2003-06-02 | The YAMAGATA Documentary Film Library Friday Theater (June–July)

On the second and fourth Fridays of each month the YIDFF Organizing Committee holds screenings films which are not shown at the commercial theater, such as documentary films including the Film Library Collection films, pre-war Japanese films, masterpieces, independent works, experimental films, and animation at the 40-seat theater. Tomonokai (support) members can join the Friday Theater for free. (Membership fee is 1,000 yen for six months) Anybody is welcome to join the Tomonokai.

The YAMAGATA Documentary Film Library Friday Theater

Remembering Yanagisawa Hisao
June 13 (Friday)
14:00, 19:00 (program screens twice)
Children Before the Dawn 1968 / 116 min

In memory of director Yanagisawa Hisao, who died on June 16th, 1999 at the age of 83. Children Before the Dawn is an important masterwork that can be seen as a departure point for Yanagisawa’s subsequent independent production of welfare films, which came after his long involvement in the making of corporate PR films.

Thai Short Film Collection: with special guest,
YIDFF 2001 New Asian Currents juror Chalida Uabumrungjit.

June 20 (Friday)
14:00 Program A: Early Works of Apichatpong Weerasethakul
Mee Yanang 1996 / 21 min
Malee and the Boy 1999 / 27 min
thirdworld 1999 / 19 min (YIDFF ’99 in the New Asian Currents)

15:30 Program B: Young Thai filmmakers Short Film Collection 1
Mae Nak Pimpaka Towira / 1997 / 30 min (Image Forum Festival 1998 Special Juror’s Prize winner)
Motorcycle Aditya Assarat / 2000 / 14 min
Fish Don’t Fly Pramote Saengsorn / 2001 / 17 min
Dog & God Sarunyoo Jiralak / 2002 / 9 min

18:30 Talk with Chalida Uabumrungjit

19:30 Program C: Young Thai filmmakers Short Film Collection 1
Luang Ta Parkpoom Wongpoom / 2001 / 8 min
Pink House Suwan Hunagsirisakul / 2001 / 17 min
Hallucination Sophon Sakdapisit / 2002 / 16 min
My Elephant Songyos Sugmakanan / 2002 / 11 min
The Tree Wasan Reawklang / 2002 / 10 min
A Little Dad Tavepong Pratoomwong / 2002 / 13 min

The Thai film industry’s young generation that has grown out of the independent scene is gaining an international reputation, such as Apichatpong Weerasethakul who took the Grand Prize of Un Certain Regard at last year’s Cannes Film Festival, and Pimpaka Towira whose feature debut was selected for the Forum section of this year’s Berlin Film Festival. This program encapsulates the unique touch, taste and smell of Thai indies film. A talk from Chalida Uambumrungjit of the Thai Film Foundations is also scheduled. Don’t miss it!

Family Portrait: Japan in the 1950s and 60s Part 1
July 11 (Friday)
14:00, 18:30 (program screens twice)
Good-by, the Fly and the Mosqito (“Sayonara ka to hae-san”) Aoyama Michiharu / 1955 / 21 min
One Hundred Merry Wives (“Hyakunin no yoki na nyobotachi”) Aoyama Michiharu / 1955 / 30 min
The Story of Little Tatchan (“Onesan to issho”) Aoyama Michiharu / 1956 / 60 min

In 1955 volunteers from the National Association of Housewives (Fujin Renmei) established Sakura Motion Picture Co., which gained the nickname “Mommy (Hahaoya) Productions” and went on to produce numerous films on themes close to the hearts of women. This screening features Sakura Motion Picture Co.’s auspicious debut film Good-by, the Fly and the Mosqito, as well as Venice Film Festival Children’s Film Grand Prix winner The Story of Little Tatchan and more. A nostalgic look back at Japan in the 1950s and 60s.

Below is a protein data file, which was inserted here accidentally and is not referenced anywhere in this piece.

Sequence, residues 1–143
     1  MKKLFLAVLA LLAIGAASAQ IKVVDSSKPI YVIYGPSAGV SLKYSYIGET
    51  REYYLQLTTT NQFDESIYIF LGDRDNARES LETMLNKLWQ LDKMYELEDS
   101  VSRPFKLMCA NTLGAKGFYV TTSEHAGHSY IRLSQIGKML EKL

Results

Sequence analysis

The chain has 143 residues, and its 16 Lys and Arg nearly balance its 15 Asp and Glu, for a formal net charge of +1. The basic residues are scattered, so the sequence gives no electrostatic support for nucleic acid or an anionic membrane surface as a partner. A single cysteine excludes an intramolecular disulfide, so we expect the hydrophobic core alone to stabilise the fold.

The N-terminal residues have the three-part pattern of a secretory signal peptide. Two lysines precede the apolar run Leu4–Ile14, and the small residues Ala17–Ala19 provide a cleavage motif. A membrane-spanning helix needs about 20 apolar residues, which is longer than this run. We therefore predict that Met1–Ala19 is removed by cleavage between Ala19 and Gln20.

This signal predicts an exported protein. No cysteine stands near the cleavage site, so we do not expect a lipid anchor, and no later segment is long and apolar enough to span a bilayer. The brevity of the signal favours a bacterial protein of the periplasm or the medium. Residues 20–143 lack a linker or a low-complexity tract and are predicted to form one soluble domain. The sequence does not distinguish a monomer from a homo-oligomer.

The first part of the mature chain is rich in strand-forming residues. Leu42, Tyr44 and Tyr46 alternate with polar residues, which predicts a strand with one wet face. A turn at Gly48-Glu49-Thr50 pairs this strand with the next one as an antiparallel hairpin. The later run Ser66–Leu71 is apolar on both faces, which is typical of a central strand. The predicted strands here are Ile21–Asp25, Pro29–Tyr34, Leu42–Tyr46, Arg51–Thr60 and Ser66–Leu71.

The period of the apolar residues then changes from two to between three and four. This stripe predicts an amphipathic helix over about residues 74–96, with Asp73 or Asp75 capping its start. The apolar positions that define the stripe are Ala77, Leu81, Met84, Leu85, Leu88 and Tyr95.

Family Portrait: Japan in the 1950s and 60s Part 2
July 25 (Friday)
14:00, 18:30 (program screens twice)
Small Children Snacks (“Oyatsu”) Nishioka Yutaka / 1955 / 23 min
A lively portrayal of the dreams and lifestyle of children in the 1950s.

Mother’s Well-being (“Okasan no shiawase”) Kimura Sotoji / 1958 / 49 min
A mother contracts tuberculosis, sparking a revolution within the family home.

The Bride of a Farmhouse (“Imadoki no yome”) Aoyama Michiharu / 1956 / 49 min
A depiction of the problematic relationship between wives and mothers-in-law, shot on location in Yamagata’s Sagae district.

In commemoration of its 10-year anniversary in 1956, the Yamagata Prefecture Women’s Organization raised funds from its members to facilitate the Sakura Eigasha production of The Bride of a Farmhouse (“Imadoki no Yome”), a look at ingrained friction between wives and mothers-in-law in rural communities, set against the backdrop of Yamagata’s Mt. Gassan. The mother-in-law was played by Iida Yoko, the bride by Kishi Hatae, and the husband by Suzuki Mizuho. After completion, it was screened in theaters in Yamagata and became a big hit. This notable work, which also gained critical praise for its quality, will be screened with two other films that depict children and families of the same era. Don’t miss it!

[Venue] The YAMAGATA Documentary Film Library (Yamagata Big Wing 3F)
[Admission] Free for Tomonokai members. (Membership fee: 1,000 yen for six months)
[Contact] phone: 023-666-4480 (Yamagata office)